Woolworths has bowed to dairy farmer pressure and rising consumer concern about the drought, vowing to lift the price of house brand milk from $1 to 1.10 a litre nationwide, from tomorrow.
The supermarket group will now sell two- and three-litre lines of Woolworths branded fresh milk for $2.20 and $3.30 respectively.
It has promised every cent of the increase will end up with Australian dairy farmers.
More to be done
Agriculture Minister, David Littleproud, welcomed news, but said there was still much more to be done.
“Whilst I wish Woolworths was taking a much bigger step, they’re miles ahead of their competitors and it’s sad it has taken National Party pressure to get to this point,” he said.
“Coles and Aldi continue to sell milk at $1. This drives down prices to farmers.”
We’ve heard the outlook will continue to be extremely tough for dairy farmers right across the country
Last year Woolworths introduced a special Drought Relief Milk range selling for $1.10/litre on the eastern seaboard, which was available in addition to its private label lines.
Strong consumer support for the drought levy range has generated about $5.8 million in relief for more than 285 dairy farmers since September.
The drought milk offering will now be disbanded, but as the price change goes national across the Woolworths house brand range, the company said it would deliver higher milk returns to about 450 dairy farmers supplying Woolworths.
Group chief executive officer, Brad Banducci said the retailer felt the long term sustainability of the dairy industry – and the regional communities dairy farmers helped support – was “incredibly important for Australia”.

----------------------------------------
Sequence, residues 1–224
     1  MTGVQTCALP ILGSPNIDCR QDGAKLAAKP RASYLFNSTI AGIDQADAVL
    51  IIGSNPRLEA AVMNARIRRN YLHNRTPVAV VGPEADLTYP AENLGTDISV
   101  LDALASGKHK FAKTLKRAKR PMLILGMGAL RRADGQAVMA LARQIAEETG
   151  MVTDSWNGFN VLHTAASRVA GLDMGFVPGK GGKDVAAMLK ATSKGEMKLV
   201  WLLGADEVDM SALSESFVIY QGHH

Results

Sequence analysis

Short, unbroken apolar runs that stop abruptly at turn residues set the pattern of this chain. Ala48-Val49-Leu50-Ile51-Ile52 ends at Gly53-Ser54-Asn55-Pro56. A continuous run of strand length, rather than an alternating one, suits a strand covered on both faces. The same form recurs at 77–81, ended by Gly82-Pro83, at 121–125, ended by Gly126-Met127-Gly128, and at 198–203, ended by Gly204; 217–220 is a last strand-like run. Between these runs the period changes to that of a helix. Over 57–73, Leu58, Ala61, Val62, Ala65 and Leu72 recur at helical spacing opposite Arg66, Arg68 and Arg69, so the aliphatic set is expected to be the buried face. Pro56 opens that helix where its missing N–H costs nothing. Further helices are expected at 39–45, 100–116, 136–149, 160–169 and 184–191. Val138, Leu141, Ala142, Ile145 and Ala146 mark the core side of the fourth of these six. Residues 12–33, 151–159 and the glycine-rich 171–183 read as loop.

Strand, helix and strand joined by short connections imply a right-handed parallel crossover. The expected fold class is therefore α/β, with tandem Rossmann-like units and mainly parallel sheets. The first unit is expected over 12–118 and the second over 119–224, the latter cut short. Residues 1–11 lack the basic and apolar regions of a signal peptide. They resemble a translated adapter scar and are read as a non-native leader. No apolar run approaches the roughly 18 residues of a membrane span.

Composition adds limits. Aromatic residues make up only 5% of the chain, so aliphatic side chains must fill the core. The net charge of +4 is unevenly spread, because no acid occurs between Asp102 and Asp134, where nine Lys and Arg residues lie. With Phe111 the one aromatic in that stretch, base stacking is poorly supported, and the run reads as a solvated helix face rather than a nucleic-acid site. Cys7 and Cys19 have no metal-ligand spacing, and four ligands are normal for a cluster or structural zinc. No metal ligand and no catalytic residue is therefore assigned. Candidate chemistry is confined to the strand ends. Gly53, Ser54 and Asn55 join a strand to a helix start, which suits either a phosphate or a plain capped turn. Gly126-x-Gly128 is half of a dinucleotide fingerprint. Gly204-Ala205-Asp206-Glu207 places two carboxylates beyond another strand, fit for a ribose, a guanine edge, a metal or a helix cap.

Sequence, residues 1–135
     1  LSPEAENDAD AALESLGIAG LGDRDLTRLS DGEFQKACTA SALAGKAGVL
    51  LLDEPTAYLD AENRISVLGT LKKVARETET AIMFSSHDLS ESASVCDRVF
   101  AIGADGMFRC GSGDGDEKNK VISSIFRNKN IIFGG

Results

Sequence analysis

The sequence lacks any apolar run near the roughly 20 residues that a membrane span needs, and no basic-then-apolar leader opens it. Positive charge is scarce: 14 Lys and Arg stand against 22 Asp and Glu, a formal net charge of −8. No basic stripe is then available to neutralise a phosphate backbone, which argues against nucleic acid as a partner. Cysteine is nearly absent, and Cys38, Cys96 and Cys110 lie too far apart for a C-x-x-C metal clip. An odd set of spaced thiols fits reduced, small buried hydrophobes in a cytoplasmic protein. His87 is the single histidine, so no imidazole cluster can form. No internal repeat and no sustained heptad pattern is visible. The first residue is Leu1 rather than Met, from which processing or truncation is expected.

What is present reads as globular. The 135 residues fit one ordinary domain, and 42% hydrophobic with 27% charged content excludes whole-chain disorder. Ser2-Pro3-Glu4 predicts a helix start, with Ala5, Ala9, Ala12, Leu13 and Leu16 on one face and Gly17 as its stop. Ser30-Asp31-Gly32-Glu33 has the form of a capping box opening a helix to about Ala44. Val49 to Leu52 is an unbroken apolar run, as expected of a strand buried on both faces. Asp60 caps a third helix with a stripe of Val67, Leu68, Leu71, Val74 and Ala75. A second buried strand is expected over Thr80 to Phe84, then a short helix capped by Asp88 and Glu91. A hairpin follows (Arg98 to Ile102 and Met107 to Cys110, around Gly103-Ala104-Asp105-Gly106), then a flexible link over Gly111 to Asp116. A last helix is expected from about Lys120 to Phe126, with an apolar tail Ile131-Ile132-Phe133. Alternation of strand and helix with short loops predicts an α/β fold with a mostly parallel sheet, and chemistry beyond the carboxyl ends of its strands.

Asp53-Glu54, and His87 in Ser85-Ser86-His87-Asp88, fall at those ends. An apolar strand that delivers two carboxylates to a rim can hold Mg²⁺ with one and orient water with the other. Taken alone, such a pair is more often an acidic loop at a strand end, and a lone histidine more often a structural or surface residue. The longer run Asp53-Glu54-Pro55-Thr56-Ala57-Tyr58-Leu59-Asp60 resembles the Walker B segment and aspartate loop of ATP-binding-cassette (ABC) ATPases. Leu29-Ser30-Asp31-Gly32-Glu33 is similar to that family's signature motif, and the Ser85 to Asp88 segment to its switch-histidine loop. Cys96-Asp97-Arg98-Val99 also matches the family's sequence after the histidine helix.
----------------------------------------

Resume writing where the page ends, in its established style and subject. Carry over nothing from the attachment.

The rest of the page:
“In our consultation with industry bodies, including the Australian Dairy Farmers, its state members and NSW Dairy Connect, we’ve heard the outlook will continue to be extremely tough for dairy farmers right across the country,” he said.
“This is affecting milk production and farm viability, which is devastating for farmers and their regional communities.
“It’s clear something needs to change and we want to play a constructive role in making this happen.”
Mr Banducci accepted the modest price lift would not solve broader structural issues, but hoped it would inject much needed confidence into the sector.
Peak milk producer body, Australian Dairy Farmers, has described Woolies’ move as “a major victory in the fight against discount dairy products”.
CEO David Inall, who joined Mr Banducci for the price change announcement, said ADF and Woolworths had engaged in “constructive discussions” in recent months around the damage wrought on the dairy industry by $1 milk and other discount dairy products.
There is no doubt that this is a game changer in the fight against discount dairy that has long frustrated the industry.
“We understand the decision to raise the price of a staple household food item was not easy to make, but it was unquestionably the right one,” he said.
“There is no doubt that this is a game changer in the fight against discount dairy that has long frustrated the industry.
“Woolworths should be applauded for having the courage to phase out its $1 milk line, and it is now time for other retailers to immediately do the same.
“No ifs. No buts.
“The dairy industry has suffered from the debilitating effects of $1 milk for eight years, since Australia Day 2011.”
Dairy profit, confidence slump